Colombia’s FDN expects foreign lenders to step up for 4G

The chief executive of Colombian development bank Financiera de Desarrollo Nacional (FDN) says he expects international lenders to provide a larger chunk of funding for the country’s flagship fourth generation (4G) road-building programme as local lenders recover from the Odebrecht scandal.

  • By Oliver West
  • 25 Mar 2018
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Clemente del Valle, CEO of FDN, said that a dampening in local bank appetite had led the development bank to “very actively trigger alternative sources” of financing.

As part of this, FDN announced on March 23 a $200m-equivalent peso-denominated loan to the Inter-American Development Bank (IADB), which will enable the multilateral to lend to Colombian infrastructure projects in local currency.

It was the first loan signed under FDN’s peso funding line, and del Valle told GlobalMarkets that a Ps250bn ($87.8m) loan to Spain’s ICO (Instituto de Crédito Oficial) would be signed within two or three weeks. 

Discussions with South American development bank CAF over a potential $100m-equivalent loan are also “very advanced”, said the CEO, with four to five other commercial banks also in discussions.

Finding peso-denominated funding for the 4G programme, which in total requires $19bn of financing including around $14.5bn in debt, has been FDN’s main challenge, according to del Valle. 

“We need more pesos for the projects, but most of our international sources of funding have dollars and not pesos,” said the CEO. “We’ve been working on new products to respond to that.”

Given the small number of players in Colombia’s local bank market, FDN — which was founded to catalyse investment in infrastructure in the country — always knew that it would need to look abroad to finance the projects. 

But that need became more pressing in 2017 when disgraced Brazilian construction firm Odebrecht was ordered to transfer its Ruta del Sol road concession to the National Infrastructure Agency. Odebrecht is alleged to have paid bribes to win the contract.

Colombian banks had lent around $800m to Ruta del Sol, part of the previous “third generation” group of road projects. With construction stalled and uncertainty lingering as to whether they will be repaid, these banks have expressed concerns that they will “not have the same level of appetite” until the situation is resolved, said del Valle.

“Unlike the 4G projects, Ruta del Sol was more of a corporate finance deal than a project finance deal, and was based on the name and quality of the sponsors rather than the credit,” said del Valle. “The loan was very badly protected. We’ve been telling the banks that they cannot punish a good programme like 4G because of the problems in the past, though I understand their perspective.”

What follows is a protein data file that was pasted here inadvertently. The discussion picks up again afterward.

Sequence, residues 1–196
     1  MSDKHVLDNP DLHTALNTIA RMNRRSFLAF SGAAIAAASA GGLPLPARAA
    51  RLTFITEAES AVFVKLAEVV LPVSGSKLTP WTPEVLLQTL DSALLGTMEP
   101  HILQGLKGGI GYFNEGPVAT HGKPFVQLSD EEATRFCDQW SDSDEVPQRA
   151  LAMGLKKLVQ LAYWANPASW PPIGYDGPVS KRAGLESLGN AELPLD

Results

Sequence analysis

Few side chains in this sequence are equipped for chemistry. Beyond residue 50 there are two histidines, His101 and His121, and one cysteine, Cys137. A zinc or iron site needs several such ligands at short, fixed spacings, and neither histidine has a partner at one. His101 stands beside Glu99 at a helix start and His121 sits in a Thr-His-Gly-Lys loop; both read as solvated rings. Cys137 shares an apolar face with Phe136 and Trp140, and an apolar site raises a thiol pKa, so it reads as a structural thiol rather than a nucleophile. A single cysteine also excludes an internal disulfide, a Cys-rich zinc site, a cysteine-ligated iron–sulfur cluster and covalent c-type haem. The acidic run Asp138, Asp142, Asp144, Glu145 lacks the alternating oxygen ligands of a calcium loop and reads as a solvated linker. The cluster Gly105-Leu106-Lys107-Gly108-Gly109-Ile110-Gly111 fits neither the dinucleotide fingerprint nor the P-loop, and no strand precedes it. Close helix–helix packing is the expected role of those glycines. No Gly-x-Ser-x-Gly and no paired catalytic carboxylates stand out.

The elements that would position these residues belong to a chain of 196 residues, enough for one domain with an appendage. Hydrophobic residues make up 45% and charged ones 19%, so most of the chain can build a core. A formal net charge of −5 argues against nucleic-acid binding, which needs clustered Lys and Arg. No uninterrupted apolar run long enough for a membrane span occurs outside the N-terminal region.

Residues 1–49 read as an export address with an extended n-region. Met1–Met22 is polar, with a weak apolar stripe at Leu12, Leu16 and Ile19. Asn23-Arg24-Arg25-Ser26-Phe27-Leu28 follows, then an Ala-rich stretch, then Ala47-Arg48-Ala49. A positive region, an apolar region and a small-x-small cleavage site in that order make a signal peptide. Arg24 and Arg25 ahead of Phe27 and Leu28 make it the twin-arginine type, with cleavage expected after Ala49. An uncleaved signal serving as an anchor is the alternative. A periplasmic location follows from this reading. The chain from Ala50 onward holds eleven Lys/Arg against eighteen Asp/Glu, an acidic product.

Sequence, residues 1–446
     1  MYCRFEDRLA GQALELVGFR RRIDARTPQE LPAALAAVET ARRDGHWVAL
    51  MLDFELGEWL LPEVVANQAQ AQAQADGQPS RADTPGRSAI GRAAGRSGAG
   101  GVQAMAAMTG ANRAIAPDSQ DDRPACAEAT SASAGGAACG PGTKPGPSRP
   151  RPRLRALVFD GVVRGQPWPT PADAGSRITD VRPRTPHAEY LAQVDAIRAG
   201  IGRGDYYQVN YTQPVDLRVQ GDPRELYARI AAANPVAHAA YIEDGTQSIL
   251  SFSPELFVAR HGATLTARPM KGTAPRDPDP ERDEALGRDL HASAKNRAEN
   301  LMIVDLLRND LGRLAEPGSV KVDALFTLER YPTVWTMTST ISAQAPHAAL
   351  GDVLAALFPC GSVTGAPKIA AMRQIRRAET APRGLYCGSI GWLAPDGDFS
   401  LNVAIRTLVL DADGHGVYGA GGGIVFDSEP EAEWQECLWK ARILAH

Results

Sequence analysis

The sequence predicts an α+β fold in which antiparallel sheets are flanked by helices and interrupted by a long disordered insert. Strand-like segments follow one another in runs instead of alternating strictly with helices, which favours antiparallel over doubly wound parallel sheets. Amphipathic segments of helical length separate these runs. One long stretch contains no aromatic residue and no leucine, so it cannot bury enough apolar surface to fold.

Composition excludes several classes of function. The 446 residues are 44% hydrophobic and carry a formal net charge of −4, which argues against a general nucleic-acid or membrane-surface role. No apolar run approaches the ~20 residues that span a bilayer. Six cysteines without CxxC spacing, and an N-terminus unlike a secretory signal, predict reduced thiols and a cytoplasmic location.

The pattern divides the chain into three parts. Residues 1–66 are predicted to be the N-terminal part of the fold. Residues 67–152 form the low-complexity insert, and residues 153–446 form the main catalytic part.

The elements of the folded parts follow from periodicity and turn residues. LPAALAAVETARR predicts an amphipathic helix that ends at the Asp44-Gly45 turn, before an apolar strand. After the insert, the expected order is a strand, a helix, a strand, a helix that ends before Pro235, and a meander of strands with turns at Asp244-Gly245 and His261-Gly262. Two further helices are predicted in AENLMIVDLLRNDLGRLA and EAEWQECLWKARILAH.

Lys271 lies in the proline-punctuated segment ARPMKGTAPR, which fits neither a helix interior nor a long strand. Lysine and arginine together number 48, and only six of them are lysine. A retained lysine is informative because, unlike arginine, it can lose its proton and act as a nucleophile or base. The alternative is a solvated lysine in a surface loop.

Local banks have so far accounted for 41% of the debt that has been used to fund the 11 projects that have closed so far, with 25% coming from institutional investors, around 15% from international banks, and remainder from FDN itself.

Del Valle now believes that international bank participation could increase closer to 19%-20%, with FDN itself also able to lend more, and local lenders dropping to around a third by the end of 2018.

His assertion that international banks were becoming more active was also backed up by some of the lenders.

“It took a long time to get the approvals required, but we are now very excited about 4G and see it as a huge opportunity both on the loan and bond side,” said a banker at one international commercial lender.

As well as the peso funding line, institutional investors have stepped up with specialist Colombia infrastructure debt funds from the likes of Ashmore lending directly to projects, and some concessionaires issuing project bonds. 

FDN hopes for at least one or two more project bonds to emerge from the programme, with those projects that have well-known international sponsors the likeliest candidates.

FDN, which the government capitalised using the proceeds of the sale of energy company Isagen in 2016, can also now lend up to 25% of the needs of each project, up from a previous limit of 10%.

Furthermore, the development bank is considering mini-perms, which it would swap into pesos, and is also working with the World Bank and US investment banks on a potential FX hedging mechanism.

“Combining all this, we feel we have the capacity to keep the programme running even if local banks do not take a significant amount,” said del Valle.
  • By Oliver West
  • 25 Mar 2018

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